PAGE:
It was probably the most massive research project I ever embarked on, including my academic PhD.

Moon: I applaud you for pulling all of that off. That would have broken my brain. What comes first when you get the idea for a new story? The characters, the setting, the plot?

Sylvia: Grin. I dunno that I did pull it off. I did get a Creative Writing MA out of it, and a lot of theoretical/academic mileage, but I’m still looking for a publisher, alas.

As for what comes first in a new one, it varies from a sentence (for Everran’s Bane) to a scene – as in setting - (Amberlight) to a dream, as with the SF novel, to a rumination on a character or incident I’ve read or heard about, to a snatch of dialogue – I have an entire novel grown round the line, “I’m here to kill the emperor – what else?” Or just a zero-field reverie that sparks off a query/scene.

The last novel I finished, a cross of mystery and time travel romance, started with a rumination about ghosts that appear walking knee-deep in floors, or up stairs that aren’t there. Next thing I had a lawyer in a lift (elevator) in our equivalent of a down-town skyscraper, and a guy in cabbage-tree hat, with an armful of gold-prospector’s tools, walking out of the floor. And another 12 months’ research about lawyers, their codes and discourses, the history, geography of the nearest big goldfield, and of course the “digger’s” back-history it turned out that included the modern history of Ireland, since he proved to be a Roman Catholic activist from the (now) northern border land in County Tyrone …

Usually, though, the characters or the setting come first, and the plot follows in answer to queries like, Who is this person? What are they doing here? Why did they do this? And of course, the master question for any story: What Happened Then?

Moon: You have a very interesting process there. So, tell us what getting that first publishing contract was like. I bet that one has a story with it.

Sylvia: I’m going to disappoint you, I fear! As such things go, the story is pretty ordinary. The usual process of trying all possible accessible slush piles and climbing on as many friends’ backs as possible, and collecting rejections – though not up to the 26 it’s reputed names like Frederick Forsyth and others managed before hitting the jackpot – until a steer from my very good mate Lillian Stewart Carl (our acquaintance is a story in itself) led me to put in the ms of Everran’s Bane to FiveStar/Gale books. Fivestar are a mid-size offshoot of a much bigger company, and they were starting a specfiction line, with under 100 thousand word-limits, which Bane fitted, a rarity among my stuff. For once I struck a reader who liked my work rather than vice versa, who sent off an enthusiastic report, and ta-da! They sent an offer. Needless to say, the predictable rash of ecstatic e-mails went off like fireworks in all directions, grin. And then of course came a new steep learning curve, shifting from all the things you need to learn to have a chance of getting an ms accepted, to the quite different info and operations you need when one has been picked up.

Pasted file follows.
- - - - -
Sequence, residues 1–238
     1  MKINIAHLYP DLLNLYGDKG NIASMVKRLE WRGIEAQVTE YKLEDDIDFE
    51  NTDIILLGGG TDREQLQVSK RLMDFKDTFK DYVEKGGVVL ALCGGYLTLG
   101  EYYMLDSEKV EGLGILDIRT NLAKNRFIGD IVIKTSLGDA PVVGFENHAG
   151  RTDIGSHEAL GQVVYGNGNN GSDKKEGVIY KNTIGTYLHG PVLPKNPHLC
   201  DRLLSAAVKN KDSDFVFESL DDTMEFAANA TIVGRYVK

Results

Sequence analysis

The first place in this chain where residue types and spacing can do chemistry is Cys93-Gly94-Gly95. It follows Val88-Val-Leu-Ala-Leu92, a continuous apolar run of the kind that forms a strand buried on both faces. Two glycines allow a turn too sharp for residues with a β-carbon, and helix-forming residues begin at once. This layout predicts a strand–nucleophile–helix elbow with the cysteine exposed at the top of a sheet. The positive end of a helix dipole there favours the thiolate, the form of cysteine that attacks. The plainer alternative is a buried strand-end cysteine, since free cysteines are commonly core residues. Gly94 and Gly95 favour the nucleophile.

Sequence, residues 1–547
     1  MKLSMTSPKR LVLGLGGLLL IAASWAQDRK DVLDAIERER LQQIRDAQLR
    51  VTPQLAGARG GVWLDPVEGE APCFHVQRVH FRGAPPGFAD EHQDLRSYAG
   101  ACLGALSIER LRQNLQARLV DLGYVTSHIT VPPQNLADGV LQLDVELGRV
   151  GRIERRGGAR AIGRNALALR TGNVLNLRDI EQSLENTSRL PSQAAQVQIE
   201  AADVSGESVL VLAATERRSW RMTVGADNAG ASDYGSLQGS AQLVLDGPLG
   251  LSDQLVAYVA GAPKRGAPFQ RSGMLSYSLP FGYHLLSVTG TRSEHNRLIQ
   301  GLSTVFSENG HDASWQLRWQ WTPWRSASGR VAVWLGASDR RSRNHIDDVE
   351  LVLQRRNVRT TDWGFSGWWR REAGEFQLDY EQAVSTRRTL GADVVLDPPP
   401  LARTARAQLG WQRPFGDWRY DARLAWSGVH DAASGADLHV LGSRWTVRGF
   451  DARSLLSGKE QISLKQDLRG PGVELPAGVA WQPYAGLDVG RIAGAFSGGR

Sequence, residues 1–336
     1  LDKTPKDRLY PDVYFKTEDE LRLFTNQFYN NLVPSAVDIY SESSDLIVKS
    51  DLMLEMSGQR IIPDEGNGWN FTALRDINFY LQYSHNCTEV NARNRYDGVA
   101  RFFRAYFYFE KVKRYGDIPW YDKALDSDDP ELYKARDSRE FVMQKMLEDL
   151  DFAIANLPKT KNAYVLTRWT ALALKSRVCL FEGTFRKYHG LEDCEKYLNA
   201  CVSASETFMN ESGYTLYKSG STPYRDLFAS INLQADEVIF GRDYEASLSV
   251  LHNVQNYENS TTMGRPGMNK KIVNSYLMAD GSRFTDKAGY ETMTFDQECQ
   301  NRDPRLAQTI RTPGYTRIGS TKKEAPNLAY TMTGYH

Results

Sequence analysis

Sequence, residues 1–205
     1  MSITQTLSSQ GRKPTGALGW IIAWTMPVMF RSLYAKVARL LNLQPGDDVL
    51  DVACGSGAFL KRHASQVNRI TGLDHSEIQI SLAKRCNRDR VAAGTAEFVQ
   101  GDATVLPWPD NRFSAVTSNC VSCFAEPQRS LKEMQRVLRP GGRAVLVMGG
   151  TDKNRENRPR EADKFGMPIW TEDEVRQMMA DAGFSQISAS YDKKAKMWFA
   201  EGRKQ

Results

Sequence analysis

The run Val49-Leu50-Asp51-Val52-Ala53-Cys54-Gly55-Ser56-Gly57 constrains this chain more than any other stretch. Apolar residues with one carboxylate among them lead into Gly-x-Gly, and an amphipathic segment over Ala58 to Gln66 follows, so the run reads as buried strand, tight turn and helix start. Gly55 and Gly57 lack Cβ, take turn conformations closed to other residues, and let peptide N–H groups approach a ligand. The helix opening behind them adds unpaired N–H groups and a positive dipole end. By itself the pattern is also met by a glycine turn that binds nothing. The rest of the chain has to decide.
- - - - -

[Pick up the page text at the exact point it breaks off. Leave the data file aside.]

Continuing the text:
Moon: Like working with an editor perhaps? Share with us some of the things you learned during the process of working with a professional editor on your novels.

Sylvia: I was apprehensive about working with professional editors, because from the writers’ view, you hear so many horror stories about what can go wrong in that relationship. But so far, I’ve been very lucky with my line and copy editors, or else the mid-size and smaller houses who’ve taken my mss have liked my work enough to take it relatively intact, because my mss have hardly required more than word-dinks, for clarity or US/Australian spelling variation, or maybe some work on single scenes, to expand or make better sense.

Basically working with editors has first confirmed two of the most important lessons I think you need for selling or editing an ms. First, Never Say No Today. And second, Don’t Nail *Any* Colours to the Mast. 

That is, regard whatever you’ve written as relatively plastic, unless the change compromises the whole ms beyond acceptance, and secondly, give yourself time to respond to requests. I learnt that a few years ago when Garth Nix, who was working as an agent at the time, liked one of my novels, but asked me to change the opening. Eep. This was a book a few years old, set in relative concrete, I thought. But I said, Let me think about it. The day went on – I was at a conference in Sydney – and by evening, the Black Gang had not only taken to the idea, but figured a way to do it.